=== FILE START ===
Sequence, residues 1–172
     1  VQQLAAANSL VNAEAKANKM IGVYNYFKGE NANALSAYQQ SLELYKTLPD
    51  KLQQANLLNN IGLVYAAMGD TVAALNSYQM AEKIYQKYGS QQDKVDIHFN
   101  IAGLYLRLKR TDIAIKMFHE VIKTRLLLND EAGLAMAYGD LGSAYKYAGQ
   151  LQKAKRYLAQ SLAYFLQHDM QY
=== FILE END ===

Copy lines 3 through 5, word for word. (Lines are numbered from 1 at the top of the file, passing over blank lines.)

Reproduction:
    51  KLQQANLLNN IGLVYAAMGD TVAALNSYQM AEKIYQKYGS QQDKVDIHFN
   101  IAGLYLRLKR TDIAIKMFHE VIKTRLLLND EAGLAMAYGD LGSAYKYAGQ
   151  LQKAKRYLAQ SLAYFLQHDM QY